Company / Brand





Belle International



Electric Vehicles, Lighting, Energy Storage


Personal Care & Home Appliances


Home Appliances, Consumer Electronics


Consumer Electronics


Telecom, Consumer Electronics


Consumer Electronics, Home Appliances


Consumer Electronics

Li Ning



Consumer Electronics

Little Swan

Home Appliances


Home Appliances




Consumer Electronics


Consumer Electronics




Consumer Electronics


Consumer Electronics


Telecom, Consumer Electronics


Survey results, at a glance:

  • 1,403 of 1,500 respondents (94%) were unable to name a Chinese brand.

  • 9 of 1,500 respondents (0.6%) were able to name 5 Chinese brands.

  • 10% of men can identify at least one Chinese brand vs 4% of women.

  • Awareness of Chinese brands increases monotonically with age bracket: 4.7% for 13-17 year, 4.9% for 18-22 years, 5.4% for 23-29 years, 6.0% for 30-39 years, 11.5% for 40+ years.

  • The most frequently listed Chinese brands were: Lenovo (38 respondents), Baidu (18), Huawei (16), Haier (13), and Air China (13).

  • 63% of respondents that could name one brand named Lenovo.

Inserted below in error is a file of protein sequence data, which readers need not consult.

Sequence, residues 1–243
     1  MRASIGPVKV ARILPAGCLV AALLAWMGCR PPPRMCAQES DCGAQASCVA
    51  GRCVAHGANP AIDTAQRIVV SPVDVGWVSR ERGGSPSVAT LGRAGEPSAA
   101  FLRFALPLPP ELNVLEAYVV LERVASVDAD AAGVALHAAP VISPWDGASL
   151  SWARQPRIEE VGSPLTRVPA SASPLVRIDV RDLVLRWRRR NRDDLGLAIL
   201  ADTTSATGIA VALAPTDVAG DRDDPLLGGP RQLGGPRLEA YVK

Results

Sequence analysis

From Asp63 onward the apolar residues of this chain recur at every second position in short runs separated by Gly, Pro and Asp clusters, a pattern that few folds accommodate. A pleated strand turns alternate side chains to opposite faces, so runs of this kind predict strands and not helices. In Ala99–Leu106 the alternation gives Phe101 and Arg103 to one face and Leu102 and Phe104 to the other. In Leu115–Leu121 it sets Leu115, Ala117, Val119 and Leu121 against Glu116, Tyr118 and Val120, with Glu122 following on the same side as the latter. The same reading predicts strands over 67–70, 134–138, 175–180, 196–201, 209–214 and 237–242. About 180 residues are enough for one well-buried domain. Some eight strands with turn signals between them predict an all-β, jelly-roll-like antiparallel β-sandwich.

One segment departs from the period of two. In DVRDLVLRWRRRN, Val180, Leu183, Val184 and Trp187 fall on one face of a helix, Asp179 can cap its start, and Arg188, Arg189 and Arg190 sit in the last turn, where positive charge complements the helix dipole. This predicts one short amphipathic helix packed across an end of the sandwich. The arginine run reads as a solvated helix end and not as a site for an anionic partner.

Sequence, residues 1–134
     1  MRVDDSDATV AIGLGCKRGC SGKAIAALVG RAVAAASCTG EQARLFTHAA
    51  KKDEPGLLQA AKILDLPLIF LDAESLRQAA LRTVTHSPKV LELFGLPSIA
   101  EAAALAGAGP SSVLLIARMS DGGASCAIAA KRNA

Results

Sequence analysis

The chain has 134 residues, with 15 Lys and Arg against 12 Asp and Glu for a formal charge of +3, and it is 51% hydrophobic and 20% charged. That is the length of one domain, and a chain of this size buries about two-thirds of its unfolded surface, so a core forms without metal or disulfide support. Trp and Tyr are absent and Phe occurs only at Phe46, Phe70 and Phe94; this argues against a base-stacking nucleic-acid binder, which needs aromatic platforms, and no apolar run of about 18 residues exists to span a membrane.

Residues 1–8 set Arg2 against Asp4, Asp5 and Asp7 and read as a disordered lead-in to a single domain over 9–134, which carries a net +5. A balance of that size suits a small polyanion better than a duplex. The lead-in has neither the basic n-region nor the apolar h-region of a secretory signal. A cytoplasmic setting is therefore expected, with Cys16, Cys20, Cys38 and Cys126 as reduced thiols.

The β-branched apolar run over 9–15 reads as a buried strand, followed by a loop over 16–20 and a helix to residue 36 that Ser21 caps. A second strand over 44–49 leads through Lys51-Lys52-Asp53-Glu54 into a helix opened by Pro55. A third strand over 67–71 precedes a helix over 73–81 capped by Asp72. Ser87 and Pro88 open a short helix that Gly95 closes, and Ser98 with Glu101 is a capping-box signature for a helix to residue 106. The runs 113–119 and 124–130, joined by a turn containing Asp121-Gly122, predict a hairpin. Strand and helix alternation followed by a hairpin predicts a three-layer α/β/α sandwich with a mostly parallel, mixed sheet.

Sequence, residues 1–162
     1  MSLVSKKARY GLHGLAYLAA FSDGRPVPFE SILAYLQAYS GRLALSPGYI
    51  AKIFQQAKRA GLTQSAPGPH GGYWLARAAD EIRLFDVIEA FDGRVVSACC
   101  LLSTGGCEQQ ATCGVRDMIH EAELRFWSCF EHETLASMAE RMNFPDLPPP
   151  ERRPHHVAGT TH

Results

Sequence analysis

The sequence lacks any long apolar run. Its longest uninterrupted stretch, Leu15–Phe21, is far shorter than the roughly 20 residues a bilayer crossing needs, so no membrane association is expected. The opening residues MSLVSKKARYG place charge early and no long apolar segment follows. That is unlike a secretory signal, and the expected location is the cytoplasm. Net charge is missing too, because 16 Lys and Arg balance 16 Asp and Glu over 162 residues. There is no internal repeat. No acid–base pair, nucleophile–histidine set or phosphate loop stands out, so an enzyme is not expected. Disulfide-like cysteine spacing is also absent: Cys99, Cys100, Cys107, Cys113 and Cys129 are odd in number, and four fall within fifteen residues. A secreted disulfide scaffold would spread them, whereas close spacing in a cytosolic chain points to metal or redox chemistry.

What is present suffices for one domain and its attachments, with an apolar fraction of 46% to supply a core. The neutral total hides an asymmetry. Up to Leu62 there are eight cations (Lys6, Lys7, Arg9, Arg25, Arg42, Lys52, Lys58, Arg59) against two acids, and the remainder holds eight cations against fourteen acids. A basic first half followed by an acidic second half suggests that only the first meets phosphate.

• 4% of respondents named a Chinese consumer brand, 0.8% can named 2, .07% can name 5

  • Among the brands frequently listed by respondents asked to name Chinese brands were a number of Japanese, Korean, and American companies: Toyota (28 respondents, Japan); Sony (22, Japan); Honda (19, Japan); Samsung (18, Korea); and Nike (14, USA).


As a control, we asked 500 Americans to “Name the Japanese brands with which you are most familiar (list up to 5 brands).”

  • 293 of 500 respondents (59%) were unable to name a Japanese brand.

  • 37 of 500 respondents (7%) were able to name 5 Japanese brands.

  • Gender: 60% female, 40% male
  • Age: 17% 13-17yrs, 24% 18-22yrs, 20% 23-29yrs, 14% 30-30yrs, 25% 40+ yrs
  • 48.5% of men can identify at least one Japanese brand vs 36.8% of women


About this survey

This survey was commissioned by HDTS and conducted by Survata, a web-based market research service. Responses were normalized by a Survata analyst to standardize spellings and semantics. Brands were mapped to the country of the corporate headquarters using Wikipedia and the brand's website. Survey participants were 55% female and 45% male. The age distribution was 15% 13-17 years, 26% 18-22 years, 20% 23-29 years, 15% 30-39 years, 24% 40+ years.


About HDTS

When it comes to durable goods, the consumer has many choices. Positioning your brand effectively is the key to brand recognition and long term value creation. At HD Trade Services (HDTS), we believe in the power of brands and the role eCommerce will play in their proliferation. We combine local market expertise and distribution technology to empower leading consumer product companies to profitably and quickly gain brand recognition and market share in foreign markets by targeting relevant consumers and sales channels. Our core focus is helping industry leading Chinese brands with United States market development.